The marketing Manager of Starcomms, Mr Omar Lababidi in an interview with Infosystems said each country had its peculiar challenges.

“Sure, Nigeria has its own share of peculiar challenges. It is left for operators to do enough feasibility study before launching commercial operation” he said.

He admitted that some of the challenges might escape due diligence, but emphasised that if the exercise was thorough, the surprises would not be enough to shock the operator out of business.

“Challenges like irregular power, for instance, we all knew that before launching service. It should not surprise anyone. But probably, many might not have expected it would get as bad as it has become today. But basically, it was a challenge that was anticipated and prepared for. I can say that, at least, of our operation” he said.

Other problems encountered in the Nigerian business environment include sporadic spells of fuel shortage, religious or ethnic clashes, inconsistent government policies, unreliable legal system, wilful vandalisation of equipment and plants and multiple taxation.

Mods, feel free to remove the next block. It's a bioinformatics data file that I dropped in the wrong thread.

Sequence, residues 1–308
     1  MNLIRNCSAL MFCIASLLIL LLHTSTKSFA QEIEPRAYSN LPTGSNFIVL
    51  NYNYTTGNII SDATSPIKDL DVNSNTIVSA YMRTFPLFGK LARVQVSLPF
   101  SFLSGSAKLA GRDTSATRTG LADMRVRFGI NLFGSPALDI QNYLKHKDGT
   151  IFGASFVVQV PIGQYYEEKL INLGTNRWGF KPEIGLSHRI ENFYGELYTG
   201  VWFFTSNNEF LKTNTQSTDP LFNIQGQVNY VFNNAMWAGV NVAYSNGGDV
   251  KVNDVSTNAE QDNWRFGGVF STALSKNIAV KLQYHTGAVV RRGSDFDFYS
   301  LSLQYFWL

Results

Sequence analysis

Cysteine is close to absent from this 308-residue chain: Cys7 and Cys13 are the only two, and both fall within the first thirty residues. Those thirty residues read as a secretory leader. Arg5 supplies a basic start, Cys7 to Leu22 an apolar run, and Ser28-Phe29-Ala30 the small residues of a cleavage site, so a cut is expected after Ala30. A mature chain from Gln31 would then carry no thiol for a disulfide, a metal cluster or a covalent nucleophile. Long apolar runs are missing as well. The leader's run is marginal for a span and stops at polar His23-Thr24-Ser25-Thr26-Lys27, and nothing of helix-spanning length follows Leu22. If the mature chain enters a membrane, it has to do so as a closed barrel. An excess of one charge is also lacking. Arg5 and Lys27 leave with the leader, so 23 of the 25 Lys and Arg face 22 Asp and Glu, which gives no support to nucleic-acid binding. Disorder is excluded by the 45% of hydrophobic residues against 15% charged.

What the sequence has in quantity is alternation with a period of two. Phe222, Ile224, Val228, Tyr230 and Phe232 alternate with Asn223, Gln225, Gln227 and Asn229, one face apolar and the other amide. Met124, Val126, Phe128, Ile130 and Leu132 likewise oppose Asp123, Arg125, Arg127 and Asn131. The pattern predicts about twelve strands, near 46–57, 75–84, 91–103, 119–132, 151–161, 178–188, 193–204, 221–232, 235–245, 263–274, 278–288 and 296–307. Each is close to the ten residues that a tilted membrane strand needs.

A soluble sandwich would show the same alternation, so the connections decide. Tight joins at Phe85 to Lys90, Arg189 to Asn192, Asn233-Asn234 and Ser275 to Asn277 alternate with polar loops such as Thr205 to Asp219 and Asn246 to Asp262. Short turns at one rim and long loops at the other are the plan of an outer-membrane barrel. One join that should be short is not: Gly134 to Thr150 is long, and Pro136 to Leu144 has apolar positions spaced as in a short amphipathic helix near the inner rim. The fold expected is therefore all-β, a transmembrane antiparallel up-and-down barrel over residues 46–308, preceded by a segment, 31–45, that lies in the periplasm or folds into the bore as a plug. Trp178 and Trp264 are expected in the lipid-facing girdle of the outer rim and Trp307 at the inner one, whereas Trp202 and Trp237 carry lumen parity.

“This must be the only country where any agency can wake up and start levying all businesses in its vicinity, regardless of how many other levies or taxes they are paying,” said Adetayo Ayomikun, a staff of an Ikeja based PTO.

“The federal government will take its own tax. The state will take its own. The local government will take its own. Then one agency will come again to the same business to ask for its own levy. When you call their bluff, they just call up a few boys and come seal off your company, not minding how many people earn their living from there”.

Adetayo explained that the telecom operators recently had to come together to challenge some of the levies and charges being imposed on their masts by various agencies of government.

“The question is not about operators not willing to pay for the masts. But at the last count, six different bodies and agencies have imposed one form of levy or the other on the masts and towers apparently in their bid to raise money. But if it is allowed to go on, they will run telecom operators out of business” he said.